And remember, no money exchanges hands – it’s Give, it’s Take, and everything is free (although we do welcome donations towards room hire costs).

Give and Take Days have become an integral part of the ‘remit’ of Sustainable Bungay since we began holding them once or twice a year in March 2009. When the group first formed after the Climate Change conference in Emmanuel Church in 2007, we wanted to know how we could engage locally in response to changing climate conditions. What could we do here?

Since joining the Transition network in 2008, the group’s activities are now also informed by factors such as the decreasing availability of cheap fossil fuel energy and widespread economic downturn.

Profligate waste is one of the biggest problems in our present throwaway culture, whether it’s food, clothing or technology. Fossil fuels are embedded in the production of almost everything in our lives, and carbon emissions from waste exert a significant impact on the climate.

So Give and Take Days are not just about getting rid of stuff and picking up more stuff. They also aim to bring attention to our use of resources and make sure less of that stuff ends up in landfill sites, where it will sit for a very long time, emitting! These modest events have so far meant that about 35 tonnes of potential landfill has found a new home.

This time there will be an upcycling table in connection with the 2014 Dye Garden at Bungay Library, and we’ll be joined again by Emmaus from Ditchingham. Give and Take Days are also a great opportunity to meet up with friends and neighbours – and to enjoy refreshments prepared by the Happy Monday Community Kitchen crew. Everyone welcome. Hope to see you there! Mark Watson

Give and Take Day: Saturday 22nd March at the Community Centre, Upper Olland Street, 11am-2pm. For large pickups please contact Eloise: eloisewilkinson@gmail.com or call 07842 897172

Where the wild things are in Bungay

longtailedtit babiesBillwebcropAs the season turns and everythings starts growing and singing and coming out of hibernation (including ourselves!) two great nature projects are springing into action. Rose Titchiner describes Wild about Bungay , the Community Wildlife Project and Blog now in its second year and the new Bungay Wildlife Monitor group

Wild about Bungay

 

The seeds for the Wild About Bungay community wildlife project came from Jasmine Lingwood and has since been carried forward and evolved by Jasmine’s brothers, Chris and Terry Reeve and members of the project.

The Wild About Bungay project, encourages everyone to celebrate and record the flora and fauna that we see and find all around us in Bungay and in the gardens, meadows, commons, verges, paths and waterways around the town – nothing is too commonplace or mundane to share and celebrate!  Anyone can contribute. Email us your sightings and photos and well will upload them onto Bungay’s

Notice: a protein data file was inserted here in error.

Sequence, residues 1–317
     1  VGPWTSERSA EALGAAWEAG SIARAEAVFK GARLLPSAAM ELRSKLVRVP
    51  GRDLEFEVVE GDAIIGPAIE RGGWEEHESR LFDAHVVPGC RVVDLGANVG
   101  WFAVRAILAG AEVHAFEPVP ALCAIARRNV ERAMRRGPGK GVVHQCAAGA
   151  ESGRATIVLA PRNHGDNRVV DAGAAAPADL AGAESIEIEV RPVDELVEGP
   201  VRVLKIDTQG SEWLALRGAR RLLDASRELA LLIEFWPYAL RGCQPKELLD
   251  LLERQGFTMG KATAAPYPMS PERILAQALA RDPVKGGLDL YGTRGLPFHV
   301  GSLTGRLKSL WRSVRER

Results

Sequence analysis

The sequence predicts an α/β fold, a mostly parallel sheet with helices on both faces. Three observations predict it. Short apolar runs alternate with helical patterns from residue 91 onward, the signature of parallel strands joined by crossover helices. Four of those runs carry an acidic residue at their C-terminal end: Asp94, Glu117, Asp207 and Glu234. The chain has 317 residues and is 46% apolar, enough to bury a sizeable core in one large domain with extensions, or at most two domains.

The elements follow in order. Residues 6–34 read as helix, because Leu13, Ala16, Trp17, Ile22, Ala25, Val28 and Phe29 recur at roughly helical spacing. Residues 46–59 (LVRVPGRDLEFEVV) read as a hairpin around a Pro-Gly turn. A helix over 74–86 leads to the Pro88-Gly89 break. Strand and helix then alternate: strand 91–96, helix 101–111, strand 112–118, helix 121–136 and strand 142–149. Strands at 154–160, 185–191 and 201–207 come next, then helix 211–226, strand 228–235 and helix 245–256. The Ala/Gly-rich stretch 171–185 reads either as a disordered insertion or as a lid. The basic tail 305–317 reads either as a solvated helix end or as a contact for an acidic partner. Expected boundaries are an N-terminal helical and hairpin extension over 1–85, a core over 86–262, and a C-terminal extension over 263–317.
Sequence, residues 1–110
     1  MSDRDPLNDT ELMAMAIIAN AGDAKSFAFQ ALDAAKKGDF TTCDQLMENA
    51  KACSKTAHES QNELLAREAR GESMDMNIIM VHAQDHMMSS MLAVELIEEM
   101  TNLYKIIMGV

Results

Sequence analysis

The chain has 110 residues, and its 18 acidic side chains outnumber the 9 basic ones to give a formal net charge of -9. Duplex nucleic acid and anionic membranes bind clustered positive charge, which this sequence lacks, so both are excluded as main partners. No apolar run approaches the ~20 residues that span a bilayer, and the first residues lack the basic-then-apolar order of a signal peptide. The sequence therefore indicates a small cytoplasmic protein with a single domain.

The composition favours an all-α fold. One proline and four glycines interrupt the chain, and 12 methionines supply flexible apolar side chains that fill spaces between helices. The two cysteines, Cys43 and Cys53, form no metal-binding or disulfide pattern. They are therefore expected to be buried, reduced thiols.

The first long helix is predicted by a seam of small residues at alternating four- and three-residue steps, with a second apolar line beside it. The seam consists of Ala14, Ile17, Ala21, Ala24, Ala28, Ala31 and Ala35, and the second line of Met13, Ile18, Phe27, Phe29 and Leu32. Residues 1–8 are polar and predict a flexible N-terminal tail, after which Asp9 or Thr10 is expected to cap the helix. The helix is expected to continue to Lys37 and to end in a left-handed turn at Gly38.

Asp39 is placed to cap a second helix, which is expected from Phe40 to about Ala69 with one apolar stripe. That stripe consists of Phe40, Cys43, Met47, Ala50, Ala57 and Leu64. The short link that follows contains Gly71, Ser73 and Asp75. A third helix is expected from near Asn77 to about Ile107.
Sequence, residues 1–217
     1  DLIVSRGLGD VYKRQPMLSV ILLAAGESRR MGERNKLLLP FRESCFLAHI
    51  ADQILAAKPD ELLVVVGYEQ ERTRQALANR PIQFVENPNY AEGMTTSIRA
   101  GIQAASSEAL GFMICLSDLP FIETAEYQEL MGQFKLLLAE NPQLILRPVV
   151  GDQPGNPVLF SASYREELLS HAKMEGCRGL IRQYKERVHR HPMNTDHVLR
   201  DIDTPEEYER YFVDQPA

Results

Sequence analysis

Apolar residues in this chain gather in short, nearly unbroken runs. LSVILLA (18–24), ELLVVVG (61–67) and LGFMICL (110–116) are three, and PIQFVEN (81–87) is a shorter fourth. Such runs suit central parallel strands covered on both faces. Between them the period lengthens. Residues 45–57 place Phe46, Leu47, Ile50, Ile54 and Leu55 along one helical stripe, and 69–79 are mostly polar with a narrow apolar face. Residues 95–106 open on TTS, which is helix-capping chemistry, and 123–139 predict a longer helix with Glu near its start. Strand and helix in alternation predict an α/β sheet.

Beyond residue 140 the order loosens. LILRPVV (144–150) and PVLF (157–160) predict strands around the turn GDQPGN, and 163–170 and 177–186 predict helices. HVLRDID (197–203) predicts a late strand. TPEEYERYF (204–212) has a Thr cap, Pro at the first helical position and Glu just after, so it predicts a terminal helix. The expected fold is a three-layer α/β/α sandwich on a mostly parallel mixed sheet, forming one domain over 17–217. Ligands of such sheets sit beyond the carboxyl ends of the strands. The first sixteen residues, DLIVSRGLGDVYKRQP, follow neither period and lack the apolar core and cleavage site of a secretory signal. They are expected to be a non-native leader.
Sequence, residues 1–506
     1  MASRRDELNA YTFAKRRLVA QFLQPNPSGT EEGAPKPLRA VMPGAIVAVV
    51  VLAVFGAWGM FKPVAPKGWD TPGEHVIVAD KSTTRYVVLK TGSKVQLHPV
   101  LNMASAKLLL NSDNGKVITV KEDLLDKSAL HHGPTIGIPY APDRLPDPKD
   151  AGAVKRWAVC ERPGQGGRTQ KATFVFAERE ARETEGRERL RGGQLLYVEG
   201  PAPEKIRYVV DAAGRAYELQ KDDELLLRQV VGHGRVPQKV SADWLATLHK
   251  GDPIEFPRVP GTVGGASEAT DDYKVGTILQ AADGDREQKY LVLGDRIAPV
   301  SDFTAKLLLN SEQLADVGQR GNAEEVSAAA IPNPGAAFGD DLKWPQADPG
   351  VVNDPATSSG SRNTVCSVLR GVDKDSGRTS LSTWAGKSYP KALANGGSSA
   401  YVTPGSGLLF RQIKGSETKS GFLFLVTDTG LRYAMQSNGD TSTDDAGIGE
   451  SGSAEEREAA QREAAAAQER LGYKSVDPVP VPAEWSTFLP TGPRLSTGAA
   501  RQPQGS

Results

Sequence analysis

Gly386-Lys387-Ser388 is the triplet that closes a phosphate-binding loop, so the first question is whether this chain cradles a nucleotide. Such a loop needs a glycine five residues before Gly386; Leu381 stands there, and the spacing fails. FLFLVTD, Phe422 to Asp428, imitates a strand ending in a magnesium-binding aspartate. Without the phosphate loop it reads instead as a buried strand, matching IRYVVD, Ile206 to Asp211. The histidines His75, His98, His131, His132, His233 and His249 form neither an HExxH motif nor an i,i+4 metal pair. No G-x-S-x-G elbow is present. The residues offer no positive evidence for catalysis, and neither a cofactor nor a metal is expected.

very own community wildlife blog for all to see and enjoy throughout the year.

The project is expanding this year, to encourage Bungay schools to contribute their wildlife sightings to the blog. A Bungay wildlife photographic exhibition will be held at the Fisher Theatre in October 2014 and a book celebrating Bungay wildlife is planned for Autumn 2015. The project is also keen to assist with the long-term, in-depth habitat survey work of the newly formed Bungay WildWatch group.

Check out the Wild About Bungay community wildlife blog for more information on sending in your sightings and photos or becoming involved in the project:  www.wildaboutbungay.com 

common newt Ian A Kirk

Bungay Wildlife Monitor group

 

Bungay Wildlife Watch Group has been formed as an umbrella group for all those who are interested in, care about or are responsible for wildlife and wildlife habitats in and around Bungay.

Over the next two years the group is planning to conduct in-depth, year round biological surveys of the wildlife habitats and waterways around Bungay. We would also like to keep a record of the current and potential future management plans of wildlife areas around the town.

The group is in the process of setting up a website and online biological recording system to log records for our own data as well as to feed records into the county biological recording systems of Suffolk and Norfolk.

As well as landowners and organisations involved in environmental or habitat management around Bungay, we’re keen to hear from people with a particular interest in local flora and fauna. We’re also considering running courses and workshops to help deepen our knowledge of the extraordinary wildlife and ecology of this area.

We hope to have a public meeting mid-March to early April. Until then we are discussing ideas and would welcome any suggestions, experience or help. We’ll be arranging a Dyke Dipping Day in late April or early May -to learn more about Bungay’s reptiles, amphibians and invertebrates.  with John Baker  County Recorder for Reptiles and Amphibians in Suffolk. If you are interested please email Rose Titchiner on: siriusowl@gmail.com

Images: common smooth newt by Ian A. Kirk; longtailed tits at Castle Mills by Bill Davis